Cancer is associated with all three copper imbalances – deficiency, excess and biounavailable copper, which is a combination of the other two. This is one reason for the cancer epidemic we experience today. The important topic of cancer and natural approaches to it, is discussed in other articles on this website. Here are just a few ways cancer is linked to copper imbalance:

1. The levels of estrogen and copper have a direct relationships. This means that as copper rises, often estrogen rises, too. This is one reason many women and even men are so-called “estrogen dominant” today. Really, they have too much copper and cannot detoxify estrogen well enough. This imbalance is tied to cancer because estrogen is a potent carcinogen. It is the reason we never recommend supplementing even natural estrogen unless it is done with extreme caution. It is rarely needed if the body chemistry can be balanced using nutritional balancing science.
2. Copper causes liver toxicity when it is in excess or when it biounavailable. The liver is important to protect to avoid and to control cancer in every case, according to Dr. Max Gerson, MD, a pioneer in non-toxic cancer therapies.
3. Copper alters thyroid gland activity in most cases. This can also contribute to cancer and many other illnesses such as Grave’s disease, for example.
4. Copper imbalance is associated with fungal and other infections. These can often be at the root of a cancer situation. For example, it is known that root canal-filled teeth can give off bacterial toxins that help predispose the body to cancers of certain kinds.
5. Copper blocks anaerobic metabolism when it is in balance. This can help prevent cancer when copper is in balance, but not when it is too high or too low in the body.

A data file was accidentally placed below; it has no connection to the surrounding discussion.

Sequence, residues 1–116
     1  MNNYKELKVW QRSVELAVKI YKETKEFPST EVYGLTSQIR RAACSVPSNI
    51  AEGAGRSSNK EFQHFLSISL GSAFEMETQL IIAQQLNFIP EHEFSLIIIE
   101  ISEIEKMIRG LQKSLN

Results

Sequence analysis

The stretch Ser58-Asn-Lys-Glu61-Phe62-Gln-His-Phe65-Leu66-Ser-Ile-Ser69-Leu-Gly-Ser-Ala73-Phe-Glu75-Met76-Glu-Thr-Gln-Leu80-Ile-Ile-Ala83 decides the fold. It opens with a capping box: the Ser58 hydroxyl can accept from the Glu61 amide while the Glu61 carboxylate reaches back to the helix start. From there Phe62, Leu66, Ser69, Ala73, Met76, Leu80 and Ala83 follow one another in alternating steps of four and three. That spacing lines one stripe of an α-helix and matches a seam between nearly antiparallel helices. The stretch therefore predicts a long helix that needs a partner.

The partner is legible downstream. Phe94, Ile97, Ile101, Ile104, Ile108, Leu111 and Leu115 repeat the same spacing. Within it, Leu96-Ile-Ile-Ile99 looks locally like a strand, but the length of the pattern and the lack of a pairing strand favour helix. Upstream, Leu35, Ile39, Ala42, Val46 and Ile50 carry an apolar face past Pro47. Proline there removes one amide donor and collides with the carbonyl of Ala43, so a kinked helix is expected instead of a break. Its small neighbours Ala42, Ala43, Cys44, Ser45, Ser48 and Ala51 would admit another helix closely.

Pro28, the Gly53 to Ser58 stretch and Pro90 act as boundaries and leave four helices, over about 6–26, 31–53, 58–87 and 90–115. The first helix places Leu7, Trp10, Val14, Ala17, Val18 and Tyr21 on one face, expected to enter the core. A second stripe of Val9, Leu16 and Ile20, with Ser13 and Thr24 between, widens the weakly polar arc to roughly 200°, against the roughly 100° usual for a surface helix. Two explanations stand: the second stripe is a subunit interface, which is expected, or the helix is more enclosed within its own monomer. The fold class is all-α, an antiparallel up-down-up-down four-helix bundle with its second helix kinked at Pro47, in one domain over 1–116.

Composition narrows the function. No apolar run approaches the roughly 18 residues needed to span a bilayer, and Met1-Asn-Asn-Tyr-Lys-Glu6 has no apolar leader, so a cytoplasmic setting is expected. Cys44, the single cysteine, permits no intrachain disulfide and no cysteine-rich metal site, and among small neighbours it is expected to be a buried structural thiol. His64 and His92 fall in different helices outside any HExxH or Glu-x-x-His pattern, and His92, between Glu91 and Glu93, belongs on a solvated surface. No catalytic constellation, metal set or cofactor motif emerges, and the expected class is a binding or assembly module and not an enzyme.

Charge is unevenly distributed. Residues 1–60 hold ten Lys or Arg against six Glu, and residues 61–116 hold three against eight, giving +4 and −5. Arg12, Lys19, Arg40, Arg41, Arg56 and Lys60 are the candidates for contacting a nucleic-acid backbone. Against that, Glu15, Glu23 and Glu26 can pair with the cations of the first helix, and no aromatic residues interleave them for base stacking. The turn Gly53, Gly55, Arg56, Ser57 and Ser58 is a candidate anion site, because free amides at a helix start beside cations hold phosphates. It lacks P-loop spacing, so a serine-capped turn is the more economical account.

6. Copper in excess often interferes with zinc metabolism. Zinc is required for the immune response and for over 100 enzymes in the body from helping digestion to protecting the skin from invasion from infections and even some skin cancers.


Low or biounavailable copper is associated with atherosclerosis and a tendency for aneurisms as well. The arteriosclerosis or atherosclerosis is secondary, usually, to weakened arterial walls. The body tries to reinforce inflamed or weakened arteries by coating them on the inside with calcium or fatty plaques. High or biounavailable copper is associated with mitral valve prolapse and other cardiovascular problems as well. It is not directly associated with high blood pressure, but may be secondarily due to the reasons for arteriosclerosis explained above.


Is it possible that our mineral balance affects our attitudes? Copper is called the 'love' mineral, the 'intuitive' mineral, and a 'feminine' mineral because it is so important for the female reproductive system. Its level generally parallels that of estrogen. While many factors influence our attitudes and values, the rise in tissue copper levels in both men and women in the past fifty years parallels renewed interest in women’s issues, in religious and intuitive knowledge, and other “new age” and other movements.
Copper may promote or encourage these interests and activities by causing mild tissue catabolism that breaks down old tissues in the body, thus making way for the development of other types of tissues in the body. This sounds very vague, but apparently copper has this type of effect.


Excess copper interferes with zinc, a mineral needed to make digestive enzymes. Too much copper also impairs thyroid activity and the functioning of the liver. If severe enough, a person will become an obligatory vegetarian. This means they are no longer able to digest meat very well. Conversely, if one becomes a vegetarian for other reasons, most likely one's copper level will increase. Vegetarian proteins are higher in copper, and lower in zinc.
At times, the vegetarian orientation is health-producing. In many people, however, restricted diets do not work well. Fatigue, spaciness and other symptoms begin to appear. Many people, including the author, felt they were becoming more “spiritual” on a vegetarian diet, when in fact it was just copper poisoning! The taste for meat often returns when copper is brought into better balance.
Some people with high copper dislike all protein. They crave high-carbohydrate diets. Protein feels heavy or causes other symptoms. Eating protein stimulates glandular activity. This releases stored copper, which causes the symptoms. However, these individuals usually need to eat protein. The symptoms will eventually disappear.